Story Structure Teacher Resources

Find Story Structure educational ideas and activities

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Analyzing the sequence of actions in dramatic stories leads to deeper comprehension of story structure. The class identifies the main actions in each section of a story and develops frozen tableau's for the identified actions of the story. Great for kinesthetic learners!
Students examine story structure and determine how to ask questions to improve reading comprehension. They read an article and practice answering questions in a teacher lead lesson before completing the task independently. Next they make a story map of "The Secret of Silver Pond" in a whole group before making one of "Whooz-z-z Snooz-z-zing?" that is used as an assessment.
Young readers examine the elements of story structure that are included in all stories. They include these elements in their own written pieces. This phenomenally-designed plan has everything you need to easily implement it in your classroom. Some episodes from The Reading Rainbow series are utilized.
Elementary learners identify the main elements of story structure and form questions to summarize their reading. They listen as the teacher reads a story and then write questions to determine (1) main characters, (2) setting, (3) problem, and (4) solution.
Learners are introduced to the concept of story structure as a way to aid in reading comprehension. They identify the main parts of the story as they read. Students create a story map of the main plot points of their reading.
Students examine the structure of stories in order to increase their reading comprehension. They look at the purpose of the beginning, the main characters, the goal or problem, and the resolution as the story structure. As they read two pieces of non-fiction, they answer questions in a class discussion. They make a story map of the second selection before completing one as an assessment.
Students explore story structure. They discuss questions they can ask themselves while silently reading. Students implement their story knowledge by making story maps. They read The Little Pink Rose and the Cloud and create a story map while reading. Students ask questions while reading.
In these story structure worksheets, students review story structure and learn how to use story maps to help with their reading comprehension. Students review an example story map and then study three different graphic organizer versions for story mapping.
What is the initiating event? What is the protagonist's goal? What attempts are made to achieve this goal? What is the outcome? Model for your class how to map out the structure of any narrative. Readers then search for answers as the progress through a story. Although designed for use with Les Miserables, the approach could be used with any text. A worksheet is included.
Help your class listen and respond to a fictional story by creating a story structure mobile illustrating the main characters, setting, plot, problem, story events, and solution. Using a coat hanger, they will create an artistic element for each of the story elements for a fictional story.
Students are shown the main elements of a story. They create their own story by using all of those elements.
Young scholars discover the work of George Washington Harris and his influence on American humor.  In this George Washington Harris lesson, discuss cultural differences in the United States and read Sut Lovongwood stories by George Washington Harris.  Students discuss the way the structure of the story influences the perception of the characters.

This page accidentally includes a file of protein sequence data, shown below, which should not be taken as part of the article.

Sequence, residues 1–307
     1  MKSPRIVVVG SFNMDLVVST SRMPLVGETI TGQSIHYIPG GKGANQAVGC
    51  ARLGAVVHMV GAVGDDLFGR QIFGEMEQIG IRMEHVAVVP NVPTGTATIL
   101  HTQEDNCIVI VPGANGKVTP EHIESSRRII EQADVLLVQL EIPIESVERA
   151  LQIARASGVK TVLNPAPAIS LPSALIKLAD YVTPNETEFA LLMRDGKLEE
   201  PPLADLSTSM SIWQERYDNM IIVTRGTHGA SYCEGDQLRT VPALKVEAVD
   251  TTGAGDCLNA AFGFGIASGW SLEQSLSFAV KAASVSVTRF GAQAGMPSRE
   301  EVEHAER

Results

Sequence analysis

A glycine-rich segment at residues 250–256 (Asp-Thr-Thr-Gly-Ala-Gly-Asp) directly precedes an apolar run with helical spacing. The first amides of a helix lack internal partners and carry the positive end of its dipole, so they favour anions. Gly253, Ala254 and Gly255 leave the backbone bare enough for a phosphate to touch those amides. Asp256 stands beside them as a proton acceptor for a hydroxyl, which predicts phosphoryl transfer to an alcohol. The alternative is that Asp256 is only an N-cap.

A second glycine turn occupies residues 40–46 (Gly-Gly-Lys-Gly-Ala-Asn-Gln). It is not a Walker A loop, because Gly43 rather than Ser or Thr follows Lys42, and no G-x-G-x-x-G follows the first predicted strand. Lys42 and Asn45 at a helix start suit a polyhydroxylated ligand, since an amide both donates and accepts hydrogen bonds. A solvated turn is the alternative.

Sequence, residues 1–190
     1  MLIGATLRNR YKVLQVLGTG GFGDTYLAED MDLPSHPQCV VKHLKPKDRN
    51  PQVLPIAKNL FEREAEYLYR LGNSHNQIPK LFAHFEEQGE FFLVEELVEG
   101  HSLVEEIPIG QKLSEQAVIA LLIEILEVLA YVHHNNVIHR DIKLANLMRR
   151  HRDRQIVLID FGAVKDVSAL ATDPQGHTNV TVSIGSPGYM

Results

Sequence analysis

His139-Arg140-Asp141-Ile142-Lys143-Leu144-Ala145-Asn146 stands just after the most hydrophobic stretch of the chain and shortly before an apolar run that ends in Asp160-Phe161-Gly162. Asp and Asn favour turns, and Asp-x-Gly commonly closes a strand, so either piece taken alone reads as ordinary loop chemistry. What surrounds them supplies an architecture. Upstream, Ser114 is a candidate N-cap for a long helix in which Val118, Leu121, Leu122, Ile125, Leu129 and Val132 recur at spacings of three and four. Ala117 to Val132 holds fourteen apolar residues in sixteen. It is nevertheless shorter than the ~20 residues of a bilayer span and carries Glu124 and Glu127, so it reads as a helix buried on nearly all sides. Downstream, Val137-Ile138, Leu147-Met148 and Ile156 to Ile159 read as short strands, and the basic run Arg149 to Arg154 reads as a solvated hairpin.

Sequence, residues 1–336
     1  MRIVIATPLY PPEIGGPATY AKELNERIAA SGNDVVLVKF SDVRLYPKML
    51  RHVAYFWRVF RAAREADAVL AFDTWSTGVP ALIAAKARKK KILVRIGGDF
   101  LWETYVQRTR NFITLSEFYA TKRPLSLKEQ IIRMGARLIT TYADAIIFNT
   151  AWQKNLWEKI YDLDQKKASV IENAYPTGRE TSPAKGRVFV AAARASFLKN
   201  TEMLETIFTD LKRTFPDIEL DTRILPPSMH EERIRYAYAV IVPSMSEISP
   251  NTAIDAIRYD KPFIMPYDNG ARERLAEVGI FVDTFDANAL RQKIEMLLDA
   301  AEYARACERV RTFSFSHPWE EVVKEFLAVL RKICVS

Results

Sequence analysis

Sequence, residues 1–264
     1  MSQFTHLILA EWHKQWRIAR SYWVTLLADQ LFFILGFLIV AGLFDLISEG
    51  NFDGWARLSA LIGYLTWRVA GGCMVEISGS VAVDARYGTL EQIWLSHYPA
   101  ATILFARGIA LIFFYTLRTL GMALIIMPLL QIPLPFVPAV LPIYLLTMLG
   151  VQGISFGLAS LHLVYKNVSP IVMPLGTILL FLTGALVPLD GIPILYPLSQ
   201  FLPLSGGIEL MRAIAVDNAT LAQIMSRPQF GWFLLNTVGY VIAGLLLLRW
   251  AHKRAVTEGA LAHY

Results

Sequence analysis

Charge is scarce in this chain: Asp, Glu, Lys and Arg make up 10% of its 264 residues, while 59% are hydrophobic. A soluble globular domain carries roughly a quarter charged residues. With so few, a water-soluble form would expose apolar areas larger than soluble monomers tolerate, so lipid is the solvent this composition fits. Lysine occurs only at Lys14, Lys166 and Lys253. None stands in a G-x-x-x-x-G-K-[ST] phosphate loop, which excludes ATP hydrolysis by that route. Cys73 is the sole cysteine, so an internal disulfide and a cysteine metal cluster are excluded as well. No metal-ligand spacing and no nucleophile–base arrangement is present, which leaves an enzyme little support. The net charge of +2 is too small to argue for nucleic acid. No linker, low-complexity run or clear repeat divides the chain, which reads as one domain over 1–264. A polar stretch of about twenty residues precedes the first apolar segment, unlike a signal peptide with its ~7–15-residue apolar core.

Students practice their reading comprehension by reading a story in their class. In this story map lesson, students read the Marc Brown book Arthur's Tooth and discuss the story, characters and setting. Students create a story map based on their analysis and understanding of the book.
Eighth graders reveal their knowledge of story structure, think about vocabulary, look for relationships, identify theme and make predictions. This instructional activity is designed for students with diverse abilities. It provides small-group activities that can be modified to accommodate the needs of students.
Second graders discuss familiar story themes and link them to their own personal experiences. They then use story structure to write about their own experience using similar format using time and sequential language as well as correct grammar conventions.
Young scholars participate in various shared reading and writing activities related to the book "Gorilla" by Anthony Brown. They identify the main story elements and write them on a story structure chart, compare the book with the book "Not Now Bernard," develop a list of adjectives, and write the beginning and middle of a fantasy story.
Pupils identify the many different parts of reading a written piece of text. These parts of reading include story grammar, summarization, story structure, and vocabulary. Learners also discover that when they read, it is important that they understand what it is that they are reading. Finally, they address all of the mentioned aspects of reading written text to help improve their comprehension.
Students explore fictional text and poetry. They explore the story structures used in the types of texts and examine the language patterns used. Students practice tracking text in the correct manner.
Young scholars get the opportunity to study language, narrative structure, characterization and comedy. Situation comedies are an intensely verbal form of television, and often have a circular story structure, based around stable and consistent character types.
Students are introduced to authors and discover they are real people. Using the author's stories, they are incouraged to write their own stories using technology. Using the internet, they research facts, ideas and stories and develop a way to share their story in an interesting way.